Bert & John Jacobs Remind Us That Life Is Good

by Laura Beans

One company is combining positivity with charity, and the results are inspiring
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Of all the aphorisms to recite about the human condition, few convey—so poignantly and in so few words—what the optimistic lifestyle brand, Life Is Good, has been able to capture in their simple designs for the past two decades.
The iconic imagery of the company’s illustrations—which are printed on everything from graphic tees and hoodies to hats and mugs, tire covers and much more—have created a unique sub category of wearable, contemporary art. The child-like sketches evoke a sense of whimsy, and coupled with a positive pronouncement, the end result is a wholesome, wildly popular product. And beyond the aesthetic of each and every one of the brand’s designs lays optimism, a force to reckon with.
Founded by brothers, Bert and John Jacobs, the Life Is Good Company has humble roots. The namesake phrase stems from their mother, who, regardless of any challenges the family was facing, would retain focus on the positive by requesting of her six children at the dinner table each night, “Tell me something good that happened today.”
After graduating from college Bert and John wanted to try their hand at making art for a living, and started selling screen print t-shirts up and down the East Coast out of the back of their van. After years on the road, trying to make ends meet, the brothers developed Jake, the character who adorns much of the line’s apparel, and everything changed.
Fast forward 21 years and Life Is Good is in the last leg of their first-ever eight-week, nationwide fundraising tour to rally communities in more than 40 cities across the U.S., helping them discover, embrace and spread the idea of optimism.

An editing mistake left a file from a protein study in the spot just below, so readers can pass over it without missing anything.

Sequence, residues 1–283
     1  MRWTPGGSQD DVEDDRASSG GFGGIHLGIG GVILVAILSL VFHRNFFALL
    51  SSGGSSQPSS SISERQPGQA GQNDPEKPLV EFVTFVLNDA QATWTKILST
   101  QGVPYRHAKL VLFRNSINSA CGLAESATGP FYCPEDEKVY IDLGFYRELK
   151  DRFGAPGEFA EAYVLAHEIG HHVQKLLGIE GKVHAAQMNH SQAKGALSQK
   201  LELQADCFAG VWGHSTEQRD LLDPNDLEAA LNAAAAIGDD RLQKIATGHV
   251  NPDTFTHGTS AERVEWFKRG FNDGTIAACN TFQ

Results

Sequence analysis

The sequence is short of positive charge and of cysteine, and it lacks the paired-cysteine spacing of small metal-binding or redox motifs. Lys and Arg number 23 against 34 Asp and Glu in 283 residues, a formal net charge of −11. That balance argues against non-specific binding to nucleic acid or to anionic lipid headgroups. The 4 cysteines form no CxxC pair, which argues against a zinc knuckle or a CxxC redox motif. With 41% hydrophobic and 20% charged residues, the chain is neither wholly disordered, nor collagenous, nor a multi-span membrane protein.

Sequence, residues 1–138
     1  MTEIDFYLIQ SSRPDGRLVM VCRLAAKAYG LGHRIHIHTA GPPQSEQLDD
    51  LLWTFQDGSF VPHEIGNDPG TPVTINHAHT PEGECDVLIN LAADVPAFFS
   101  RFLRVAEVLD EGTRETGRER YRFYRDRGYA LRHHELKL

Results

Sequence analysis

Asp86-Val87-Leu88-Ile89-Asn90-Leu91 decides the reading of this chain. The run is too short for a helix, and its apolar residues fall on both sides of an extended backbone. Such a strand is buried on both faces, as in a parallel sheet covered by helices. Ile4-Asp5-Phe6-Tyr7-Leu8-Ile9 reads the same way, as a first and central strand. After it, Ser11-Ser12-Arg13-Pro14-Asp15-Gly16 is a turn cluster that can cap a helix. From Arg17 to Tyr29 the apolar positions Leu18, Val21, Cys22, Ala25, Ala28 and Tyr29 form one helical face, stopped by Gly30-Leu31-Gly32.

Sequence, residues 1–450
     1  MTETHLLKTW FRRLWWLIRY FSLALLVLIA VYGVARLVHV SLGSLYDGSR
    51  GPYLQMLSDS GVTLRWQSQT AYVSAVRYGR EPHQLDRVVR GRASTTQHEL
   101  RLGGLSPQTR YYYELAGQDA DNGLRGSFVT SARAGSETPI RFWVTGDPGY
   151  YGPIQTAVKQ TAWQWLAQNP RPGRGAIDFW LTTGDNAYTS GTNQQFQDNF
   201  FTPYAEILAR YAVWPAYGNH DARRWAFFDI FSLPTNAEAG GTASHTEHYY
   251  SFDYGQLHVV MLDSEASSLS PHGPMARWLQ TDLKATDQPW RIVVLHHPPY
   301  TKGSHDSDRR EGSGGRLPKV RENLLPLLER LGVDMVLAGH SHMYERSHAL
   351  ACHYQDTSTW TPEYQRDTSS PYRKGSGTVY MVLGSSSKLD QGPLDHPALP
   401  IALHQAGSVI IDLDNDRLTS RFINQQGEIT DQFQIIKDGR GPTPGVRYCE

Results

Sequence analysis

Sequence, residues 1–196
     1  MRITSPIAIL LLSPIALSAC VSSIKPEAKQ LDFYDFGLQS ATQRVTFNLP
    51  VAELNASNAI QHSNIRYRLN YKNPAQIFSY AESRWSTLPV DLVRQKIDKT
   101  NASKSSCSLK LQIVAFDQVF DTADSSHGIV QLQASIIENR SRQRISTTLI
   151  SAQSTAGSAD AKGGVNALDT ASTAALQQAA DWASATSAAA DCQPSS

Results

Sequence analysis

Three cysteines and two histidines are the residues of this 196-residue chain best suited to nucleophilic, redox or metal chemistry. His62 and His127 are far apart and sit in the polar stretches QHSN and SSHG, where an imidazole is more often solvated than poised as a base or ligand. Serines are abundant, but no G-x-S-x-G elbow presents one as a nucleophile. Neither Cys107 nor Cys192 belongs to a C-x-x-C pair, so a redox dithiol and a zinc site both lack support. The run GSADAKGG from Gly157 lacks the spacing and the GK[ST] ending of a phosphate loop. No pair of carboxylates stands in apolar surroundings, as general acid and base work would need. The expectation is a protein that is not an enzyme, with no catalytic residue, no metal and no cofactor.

Partnering with organizations like St. Jude’s Children Research Hospital and Pencils of Promise, as well as celebrity nonprofits like Lady Gaga’s Born This Way Foundation and the Zach Brown Band’s Camp Southern Ground, the #GROWtheGood tour hopes to raise more than $1 million for kids in need. One hundred percent of sales from the official tour t-shirts and other merchandise will benefit children battling the effects of poverty, violence and illness.
Even if the tour didn’t make a stop in your hometown, you can still join in on the fun and do your part for charity by simply snapping a photo and telling the world something good that happened and include the hashtag #GROWtheGood. For each #GROWtheGood moment shared on Twitter or Instagram, Life is Good will give one dollar of support to help kids in need.
The tour—and the brand itself—is all about fun. Events have included interactive photo booths and “Bad Dancing Contests” and, in fact, fun is one of the 10 “superpowers” that the brothers lay out in their new publication, Life Is Good: The Book: How to Live With Purpose & Enjoy the Ride (National Geographic Books), which the tour is also promoting.
Giving back is nothing new to the company, whose charitable nature has lent its voice to various causes over the years. One of the most recent campaigns was born after the Boston Marathon bombing, when the company raised over half a million dollars for the Boston One Fund from a custom t-shirt that read: Nothing’s Stronger Than Love.
“We’ve learned from our own customers over the years, from their stories, that optimism is most powerful in the darkest times, and that’s when its needed most,” says John Jacobs.
Over the years, the Life Is Good company has donated more than $11 million through charitable causes, including the Life Is Good Kid’s Foundation.
As for the future, the company has big plans, including expanding on their live events and music festivals. They are also looking into other artistic mediums to spread their message of optimism, and are excited about collaborations.
“Bert and I look at this as our baby,” says John. “We held it very close for so many years—everything was produced internally and now we’re kind of opening it up and looking to collaborate with artists outside the company and inviting people to use their own voice to spread the power of optimism.”
“Nothing unites and inspires people like art,” concludes John.

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